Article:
Sunday, February 28, 2010

Do what they say, not what you do

Howdy. As part of my independent study into science journalism, I was hoping to put together a short for-journalists article with a few tips and thought-provoking tidbits. If you could give me any feedback/critiques, anything at all, I would truly appreciate it.

The first draft is after the jump...

Friday, February 19, 2010

And now for something completely different...

I know the best blogs are thematic, regular, and organized. But today, I just can't help myself.

As an assignment for my MA Journalism program meant to sharpen our skills for integrated newsrooms, our class was divvied into beats. We were set free on the city to produce print, radio and video stories about our beat, with the stories (hopefully) finding their way into multiple forms of media.

Being stuck into the Arts & Culture beat, I didn't really have a damn clue what was going on in the city. I like music, I like concerts, and I like books, but other than that I'm hopelessly lost.

I took it upon myself to be the camera/editor guy for my group's video. We wanted to have a lot more fun than your standard news report, and this was the result ....

The rest of the work can be found on our lovely squarespace page.

Monday, February 15, 2010

Getting the point to the public

an argument for framing in science journalism

I am aware that I'm about to step into a full on forum war *dons his flame-retardant lab coat*, and that as a student I may be passing far beyond my area of expertise. However, I need to take issue to a post by DrugMonkey today. 

His post was mostly concerned with anonymity on the internet, but what bothered me was this:

Poor Matt Nisbet takes his lumps around these parts because his academic field is spin, sorry framing. This is the process within professional communication whereby the strictest and most precise depiction of the current state of knowledge about objective reality is...undervalued. Undervalued relative to driving home whatever broader themes and ideas the communicator happens to favor. Undervalued relative to rounding up votes on "your side", regardless of why such voters may favor your position.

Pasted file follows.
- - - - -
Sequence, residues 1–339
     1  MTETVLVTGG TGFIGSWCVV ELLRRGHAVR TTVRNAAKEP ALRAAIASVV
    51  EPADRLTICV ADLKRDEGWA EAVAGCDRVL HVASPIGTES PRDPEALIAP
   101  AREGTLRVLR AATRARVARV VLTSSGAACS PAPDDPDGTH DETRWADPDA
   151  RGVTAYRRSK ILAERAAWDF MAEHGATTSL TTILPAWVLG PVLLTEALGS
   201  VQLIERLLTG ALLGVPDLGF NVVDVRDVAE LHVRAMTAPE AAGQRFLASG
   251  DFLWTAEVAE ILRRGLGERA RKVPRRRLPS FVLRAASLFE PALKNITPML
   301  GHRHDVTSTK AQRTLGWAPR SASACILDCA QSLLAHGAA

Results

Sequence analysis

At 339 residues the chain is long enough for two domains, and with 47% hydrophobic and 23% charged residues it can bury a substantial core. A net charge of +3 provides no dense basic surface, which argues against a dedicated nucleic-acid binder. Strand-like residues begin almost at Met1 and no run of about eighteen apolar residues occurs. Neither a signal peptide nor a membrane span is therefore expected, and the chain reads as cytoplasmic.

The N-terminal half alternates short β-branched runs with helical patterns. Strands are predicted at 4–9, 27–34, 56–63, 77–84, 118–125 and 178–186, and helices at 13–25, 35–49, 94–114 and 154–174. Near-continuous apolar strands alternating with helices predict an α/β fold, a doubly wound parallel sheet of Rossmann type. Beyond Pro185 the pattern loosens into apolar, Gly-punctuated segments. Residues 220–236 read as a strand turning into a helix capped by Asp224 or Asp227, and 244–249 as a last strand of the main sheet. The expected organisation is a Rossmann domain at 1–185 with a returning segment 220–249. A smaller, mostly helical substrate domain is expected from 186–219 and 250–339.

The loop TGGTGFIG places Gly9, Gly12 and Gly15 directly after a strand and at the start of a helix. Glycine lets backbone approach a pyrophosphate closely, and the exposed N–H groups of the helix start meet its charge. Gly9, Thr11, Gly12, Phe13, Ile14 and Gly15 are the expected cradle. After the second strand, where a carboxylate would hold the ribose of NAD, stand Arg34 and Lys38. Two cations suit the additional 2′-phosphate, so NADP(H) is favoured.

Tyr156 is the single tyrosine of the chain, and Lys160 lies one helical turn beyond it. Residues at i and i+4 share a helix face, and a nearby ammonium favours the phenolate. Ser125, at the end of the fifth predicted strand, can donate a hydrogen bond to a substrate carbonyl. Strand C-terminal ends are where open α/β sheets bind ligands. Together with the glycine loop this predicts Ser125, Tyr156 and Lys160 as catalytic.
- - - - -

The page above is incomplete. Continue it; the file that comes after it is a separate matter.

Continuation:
I just launched into an independent study project to figure out how to do science journalism properly. One of the concepts that resonated most strongly, as someone concerned with effectively explaining science to the public, is framing. DrugMonkey's idea of equating framing to spin, and of communicators only pushing for 'votes', seems to belittle the role of science journalists. 

Wednesday, February 10, 2010

America Round-Up!

Want to know what happened today, all nicely tied together with an extremely loose joining thread? Here are three stories of things that happened to.... Americans!

It's been a busy day for our closest neighbours. Some are getting trapped, and others are being freed. Here's what's happening to our American friends today!

Mr. Endeavour goes to the ISS

I've been following the whole shuttle/constellation/ISS affair quasi-closely. So it was a pretty cool surprise to walk into today's story meeting and be told;

"You're doing a story on the space shuttle."
And, with my timeliness news-hat on, my first question was, "What about it?"
"Well it docked with the ISS this morning."
"So what?" I said.
"I don't know, but give me a minute and a half on it."
"Sure thing Mr. Editor man."

I took this as an opportunity to tell the masses (all 10 people in my class, and whoever stumbles upon this post) about the fate of the shuttle, and how we're essentially screwed to get people to the ISS in the near future. But now I'm just giving too much away, so.... here.

Tuesday, February 9, 2010

Shedding light on a new paradigm of science writing

Or, how to avoid stupid mistakes and actually be a good science journalist

So today I officially got clearance to start an independent study project for my Masters of Journalism program. As I unfortunately found out after I came to Western, the Science Journalism course is only one of the possible electives. And, it turned out to be a no-go for this year. 

But all hope is not lost! I'll be diving into the literature, and conducting interviews journalistic research with science writers who I think are super-cool to try to figure out the best field in the world. 

The project will, hopefully, yield rewards not just for me, but for everyone who is/wants to be a science journalist. Hopefully.

The theories on how people learn science from the media are pretty fleshed out, and that's what I want from the academic-types. But the question it brings up is, does it really work? Sure it's how people learn from media, but they still have to read/listen/watch the thing first.

So that's where I turn to the science journalists. What works? What leads? What did you do to finely craft your best story? If I want people to learn about something, first I have to make them care. Because if they don't care, they won't stick around.

Or maybe I've got it all wrong, maybe my job isn't to try to teach. Maybe my job is to find the "awe" and inspire interest, as the New York Times found out. At any rate, I'll be using this blog to track the progress of my project, and share my findings.

So, to the people on this list (and maybe some who aren't), consider yourself warned, I'm coming for you:

David Dobbs
Carl Zimmer
Thomas Levenson
Andrew Revkin
Jay Ingram
Candis Callison
Nicola Jones

Oh, and wearing a lab coat to the interview might make researchers feel more comfortable, but maybe I should avoid wearing this one.

Illustration by David Parkins, Nature via